By Faye Bi
“Do you understand the sadness of geography?”
To borrow a quote from Michael Ondaatje, this sentiment—and my identity as a half-generation Chinese immigrant—has informed my reading in no small way. May is Asian and Pacific Islander Heritage Month, and those of you who know me know that I am enthusiastic about finding books that help me connect to my heritage.
With everything going on right now, I’m sharing a list of fantasy titles that have touched me emotionally, personally, on my journey to understand my native and acquired cultures, my family, and myself. I’ve read several books by Asian and Asian American writers for Sirens over the years as part of the Reading Challenge, and reviewed and edited my fair share of those reviews (some are recommended below). And if you’ve attended Sirens, I most definitely tried to sell you these in the bookstore. I also prepare myself for an acute sadness each time I hold up these books as a mirror.
This list is not meant to be comprehensive, as it focuses entirely on East Asia and especially China, since that’s my personal background. It also includes several short story collections (almost half!), likely as the result of the form’s postcolonial legacy and popularity among diasporic authors.
Where the Mountain Meets the Moon by Grace Lin
Grace Lin’s beautifully illustrated middle grade fantasy stars a young girl, Minli, who goes on a quest to bring fortune to her impoverished village and meets the Jade Dragon. Heavily influenced by Chinese folklore, this won a Newbery Honor shortly before I started my career in publishing and now has two companion novels. I gave it to my dad—he loved it too, and confirmed that the tales referenced were familiar to him as well.
Returning My Sister’s Face and Other Far Eastern Tales of Whimsy and Malice by Eugie Foster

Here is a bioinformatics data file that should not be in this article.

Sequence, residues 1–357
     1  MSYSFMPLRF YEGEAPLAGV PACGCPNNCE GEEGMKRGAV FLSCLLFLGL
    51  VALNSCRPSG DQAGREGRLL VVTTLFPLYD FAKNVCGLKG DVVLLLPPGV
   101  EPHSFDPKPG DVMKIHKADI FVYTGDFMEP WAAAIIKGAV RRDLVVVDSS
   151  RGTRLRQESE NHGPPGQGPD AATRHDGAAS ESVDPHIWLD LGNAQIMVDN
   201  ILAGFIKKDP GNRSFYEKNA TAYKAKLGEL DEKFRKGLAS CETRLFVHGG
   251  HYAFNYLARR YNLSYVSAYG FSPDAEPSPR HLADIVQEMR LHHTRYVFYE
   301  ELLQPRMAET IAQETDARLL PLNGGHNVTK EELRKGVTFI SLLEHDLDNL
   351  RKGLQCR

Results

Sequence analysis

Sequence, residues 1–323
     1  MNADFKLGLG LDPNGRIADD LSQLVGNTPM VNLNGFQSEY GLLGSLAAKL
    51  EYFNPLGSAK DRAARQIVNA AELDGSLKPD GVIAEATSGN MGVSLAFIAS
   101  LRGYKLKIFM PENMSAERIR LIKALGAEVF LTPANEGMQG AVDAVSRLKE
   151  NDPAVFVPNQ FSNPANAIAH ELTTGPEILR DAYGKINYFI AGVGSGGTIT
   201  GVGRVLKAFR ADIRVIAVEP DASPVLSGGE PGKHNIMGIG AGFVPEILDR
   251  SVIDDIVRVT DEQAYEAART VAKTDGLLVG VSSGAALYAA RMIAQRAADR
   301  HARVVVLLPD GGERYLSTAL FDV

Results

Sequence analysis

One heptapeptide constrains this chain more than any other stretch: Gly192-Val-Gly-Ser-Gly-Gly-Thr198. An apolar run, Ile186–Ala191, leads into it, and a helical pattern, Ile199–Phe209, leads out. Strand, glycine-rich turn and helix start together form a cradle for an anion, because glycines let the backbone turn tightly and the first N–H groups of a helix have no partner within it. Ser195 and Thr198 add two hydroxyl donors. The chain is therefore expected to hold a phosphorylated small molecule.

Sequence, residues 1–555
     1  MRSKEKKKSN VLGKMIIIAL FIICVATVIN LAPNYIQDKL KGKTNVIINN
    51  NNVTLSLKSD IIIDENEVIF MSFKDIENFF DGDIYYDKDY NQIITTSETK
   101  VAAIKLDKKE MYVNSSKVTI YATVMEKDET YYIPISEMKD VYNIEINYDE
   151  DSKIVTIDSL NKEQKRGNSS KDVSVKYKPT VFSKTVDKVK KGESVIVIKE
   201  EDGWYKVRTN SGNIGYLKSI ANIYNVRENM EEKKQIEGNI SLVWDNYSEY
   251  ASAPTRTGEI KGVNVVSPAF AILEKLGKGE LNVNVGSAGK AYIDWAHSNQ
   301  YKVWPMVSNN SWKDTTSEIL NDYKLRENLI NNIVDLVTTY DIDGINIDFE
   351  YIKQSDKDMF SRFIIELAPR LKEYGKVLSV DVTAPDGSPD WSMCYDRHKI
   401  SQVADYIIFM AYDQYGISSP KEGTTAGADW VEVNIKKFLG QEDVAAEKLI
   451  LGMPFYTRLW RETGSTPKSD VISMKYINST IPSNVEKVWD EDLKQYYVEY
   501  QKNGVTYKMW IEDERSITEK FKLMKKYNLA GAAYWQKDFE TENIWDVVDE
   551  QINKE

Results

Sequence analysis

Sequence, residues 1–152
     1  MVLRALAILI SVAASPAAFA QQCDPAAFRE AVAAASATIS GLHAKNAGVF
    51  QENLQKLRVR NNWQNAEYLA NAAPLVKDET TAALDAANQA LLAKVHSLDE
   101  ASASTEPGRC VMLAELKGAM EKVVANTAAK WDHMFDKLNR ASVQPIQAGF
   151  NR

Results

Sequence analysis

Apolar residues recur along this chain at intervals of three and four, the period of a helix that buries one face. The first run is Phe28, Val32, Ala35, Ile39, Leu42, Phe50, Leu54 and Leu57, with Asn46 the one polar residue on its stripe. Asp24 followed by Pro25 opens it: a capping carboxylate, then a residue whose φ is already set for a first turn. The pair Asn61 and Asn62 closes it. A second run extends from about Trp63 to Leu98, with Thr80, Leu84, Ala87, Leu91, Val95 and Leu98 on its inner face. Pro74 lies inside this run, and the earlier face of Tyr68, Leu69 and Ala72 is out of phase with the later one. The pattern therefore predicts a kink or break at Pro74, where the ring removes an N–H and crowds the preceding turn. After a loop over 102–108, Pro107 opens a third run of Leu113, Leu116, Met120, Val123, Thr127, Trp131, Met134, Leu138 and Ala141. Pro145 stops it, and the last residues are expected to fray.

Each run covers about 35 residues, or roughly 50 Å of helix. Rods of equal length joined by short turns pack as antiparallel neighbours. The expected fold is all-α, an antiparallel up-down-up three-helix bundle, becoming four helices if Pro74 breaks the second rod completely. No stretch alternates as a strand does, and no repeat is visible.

Eugie Foster, rest in peace, was a treasure. These are charming, whimsical, occasionally hilarious tales inspired by Chinese, Japanese, and Korean mythology—my favorite is the one where a tanuki spirit disguises himself as a tea kettle. It reminds me just how out there these stories can be, and is the best of my Asian Humanities syllabus back in college to explore themes like filial piety, vengeance, and honor.
The Frangipani Hotel by Violet Kupersmith
Violet! Violet! Come back! Sirens veterans might remember Violet Kupersmith as our Hauntings Guest of Honor in our 2018 Reunion year, and her debut collection of short stories is so good that it enrages me. She writes about hauntings, belonging, colonialism, intergenerational trauma, monsters, foodways (so much good food!), and more, in relation to Vietnam and the Vietnamese diaspora. Please write more, Violet. In the meantime, I need a snack.
The Monstress series by Marjorie Liu and Sana Takeda
Currently on its fourth volume, Monstress is an epic fantasy comic set in an alternate Asia with a stunning art-deco/steampunk/manga art style. The world of Monstress has its own creation story, mythology, and religion, and explores themes of racial prejudice, feminism, and trauma through its teenage protagonist Raika Halfwolf. It’s also a complete assault on the senses with the amazing combination of storytelling and visuals.
The Beast Player by Nahoko Uehashi, translation by Cathy Hirano